Tuesday, June 22, 2010

The Kramer effect

I taught a class yesterday and, as I typically do, when I got to the topic of peer groups I mentioned one of its disadvantages: questionable makeup of the universe. That is, does the manager belong here?

And, as I typically do, I cited an episode of Seinfeld to make my point: the episode where Kramer is telling Jerry and Elaine about his Karate class, and how he's the #1 student. What he fails to explain is that the other students are all small children.

This raises the question of the appropriateness of the peer group. Perhaps management assignment to peer groups isn't always so obvious when in error, but there is often a concern as to the appropriateness of placement. Thus, one of the many shortcomings of peer group benchmarks.


  1. Stephen Campisi, Intuitive Performance SolutionsJune 22, 2010 at 10:01 PM

    Like it or not, peer groups are a fact of life in the competitive landscape for active fund managers. Clients want to know how a manager stacks up against other managers in the same area of the market. Are there problems with the dispersion of strategies represented by a single peer group? Of course there are, and it's hard to see how much of this is caused by style inconsistency, style drift, abuse of discretion, or simply incorrect manager classification.

    You can ask: "Who cares?" After all, it's really just the human emotions of envy and regret that motivate these peer comparisons of oneself against others. Clients should ask themselves: "Am I investing with the goal of beating the other guy?" Or am I investing to achieve my personal financial goals? Well, don't hold your breath waiting for an answer to those questions, because clients are not likely to own up to having such pedestrian emotions, much less letting these emotions drive the important decision of selecting and retaining fund managers. Rather, they'll say things like: "Benchmarks are abstract. They have no fees or transaction costs. They face no practical problems on the availability of securities. But a peer group is a real-life comparison."

    Personally, I get a laugh when fund managers justify underperforming a benchmark by noting that their peers also underperformed. As if that made the relative losses any easier to bear! That's the real life example of Kramer in the dojo, only this time Kramer is getting his butt kicked by a nine-year-old.

    Truth be told, the performance measurement and analysis processes are bedeviled by human emotions, herd behavior, behavioral biases and everything else that tends to skew the investment process away from rationality and common sense.

    Peer groups? They're likely to be with us for a long time. The same is true for benchmarks. Want a better yardstick for investment success? Try using the client's financial goals. Don't be surprised if you don't start looking at individual fund managers in the context of the client's total portfolio, rather than in isolation - or that you start looking at the ability to meet the client's actual goals, such as funding liabilities, upcoming expenses and the like - and (perish the thought) that you start looking at money and not just returns, or (most shocking) that you start using money weighted returns. The upside is that you'll start producing analysis that actually means something to your client, and which gets used in the investment decision making process. That would be a welcome change.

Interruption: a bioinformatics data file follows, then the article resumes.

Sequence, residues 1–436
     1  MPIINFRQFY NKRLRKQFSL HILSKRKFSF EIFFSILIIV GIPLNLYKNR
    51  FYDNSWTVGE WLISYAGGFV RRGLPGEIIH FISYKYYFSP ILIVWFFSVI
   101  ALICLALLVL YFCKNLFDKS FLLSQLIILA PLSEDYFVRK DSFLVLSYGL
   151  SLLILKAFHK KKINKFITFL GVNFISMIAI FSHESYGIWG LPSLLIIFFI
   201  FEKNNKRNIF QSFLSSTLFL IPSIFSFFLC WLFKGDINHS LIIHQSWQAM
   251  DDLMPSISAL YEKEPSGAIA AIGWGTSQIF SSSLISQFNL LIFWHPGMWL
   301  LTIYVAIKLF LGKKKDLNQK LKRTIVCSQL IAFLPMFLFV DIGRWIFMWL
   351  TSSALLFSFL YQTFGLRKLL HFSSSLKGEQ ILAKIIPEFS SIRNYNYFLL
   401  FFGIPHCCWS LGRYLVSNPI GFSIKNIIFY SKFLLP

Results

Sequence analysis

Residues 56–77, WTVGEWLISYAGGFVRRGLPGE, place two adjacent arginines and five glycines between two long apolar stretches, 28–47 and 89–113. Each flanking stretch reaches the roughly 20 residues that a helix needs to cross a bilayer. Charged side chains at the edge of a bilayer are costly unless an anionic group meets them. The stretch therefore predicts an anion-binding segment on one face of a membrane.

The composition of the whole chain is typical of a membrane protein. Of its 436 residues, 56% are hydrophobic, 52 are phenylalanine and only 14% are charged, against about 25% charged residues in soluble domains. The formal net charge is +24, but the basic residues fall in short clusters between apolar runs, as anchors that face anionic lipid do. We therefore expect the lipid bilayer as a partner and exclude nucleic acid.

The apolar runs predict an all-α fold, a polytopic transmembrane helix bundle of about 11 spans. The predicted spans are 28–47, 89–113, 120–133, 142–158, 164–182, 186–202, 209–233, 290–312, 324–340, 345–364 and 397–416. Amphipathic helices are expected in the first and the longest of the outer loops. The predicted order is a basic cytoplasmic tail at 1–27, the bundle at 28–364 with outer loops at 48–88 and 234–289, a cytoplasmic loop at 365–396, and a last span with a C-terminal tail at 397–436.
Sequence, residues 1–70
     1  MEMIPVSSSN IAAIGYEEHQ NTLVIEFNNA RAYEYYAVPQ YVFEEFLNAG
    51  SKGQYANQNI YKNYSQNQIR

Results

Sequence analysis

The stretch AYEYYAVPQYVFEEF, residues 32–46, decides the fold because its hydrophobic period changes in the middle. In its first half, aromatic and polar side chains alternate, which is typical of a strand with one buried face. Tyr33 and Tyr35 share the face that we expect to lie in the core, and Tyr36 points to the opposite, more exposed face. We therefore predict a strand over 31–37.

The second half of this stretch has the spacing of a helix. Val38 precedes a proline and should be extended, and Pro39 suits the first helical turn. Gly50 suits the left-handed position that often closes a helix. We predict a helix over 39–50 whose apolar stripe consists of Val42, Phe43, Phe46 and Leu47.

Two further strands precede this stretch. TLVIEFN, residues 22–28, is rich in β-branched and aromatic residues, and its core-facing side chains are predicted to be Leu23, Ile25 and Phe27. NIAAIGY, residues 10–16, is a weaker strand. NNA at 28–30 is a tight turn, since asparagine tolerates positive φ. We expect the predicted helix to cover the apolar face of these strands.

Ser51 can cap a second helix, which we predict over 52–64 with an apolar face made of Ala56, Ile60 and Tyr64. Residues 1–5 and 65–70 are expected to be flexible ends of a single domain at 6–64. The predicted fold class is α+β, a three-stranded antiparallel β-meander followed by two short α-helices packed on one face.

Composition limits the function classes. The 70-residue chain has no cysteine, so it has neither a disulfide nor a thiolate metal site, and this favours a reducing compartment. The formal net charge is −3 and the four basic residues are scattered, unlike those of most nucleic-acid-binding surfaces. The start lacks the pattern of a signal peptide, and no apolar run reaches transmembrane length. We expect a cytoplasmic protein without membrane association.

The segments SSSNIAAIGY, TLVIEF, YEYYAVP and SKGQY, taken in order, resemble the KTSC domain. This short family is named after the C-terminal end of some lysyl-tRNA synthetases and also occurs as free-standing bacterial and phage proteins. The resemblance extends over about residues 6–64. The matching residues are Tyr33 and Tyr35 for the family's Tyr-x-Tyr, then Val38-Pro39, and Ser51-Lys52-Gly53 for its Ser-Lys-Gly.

2. "I get a laugh when fund managers justify underperforming a benchmark by noting that their peers also underperformed. As if that made the relative losses any easier to bear!"

    It can raise valid questions about the appropriateness of that benchmark to that peer group, though.

  3. Steve, thanks for your insightful comments.

    It's interesting, I think, that peer groups fail six of the seven criteria offered by Richards & Tierney:

    Unambiguous (no)
    Investable (no)
    Measurable (yes)
    Appropriate (no)
    Reflective of current investment opinions (no)
    Specified in advance (no)
    Owned (no).

    But in spite of this, peer groups remain popular.

  4. Thanks for your note. Yes, this does raise further questions as to the appropriateness of peer groups. As the Myners Review (available on the Internet) pointed out, "peer group comparison is unacceptable." But, it remains!

  5. I actually think peer groups are fine, if they are properly specified and populated.

    My point was that if the market index that is being used to benchmark everyone in a peer group consistently mismatches the average performance of that peer group, then it may be that the peers aren't investing in what the index measures. In which case, you probably need a better benchmark.

    In the absence of a good benchmark then peer groups CAN provide at least some measure of opportunity cost, if not an objective estimate of investment management skill or investor experience.

    I think you are too hard on peer groups.

    Ambiguity is unavoidable as you need to capture a range of peers, not just a specific one. The question is whether the degree of ambiguity is acceptable or not. For example, just having a peer group called equity funds isnt specific enough. A peer group that is Peruvian Leveraged Large Cap Biotech Specialist funds is much more specific and far less ambiguous, and much more useful (if you care about the PLLCBS sector).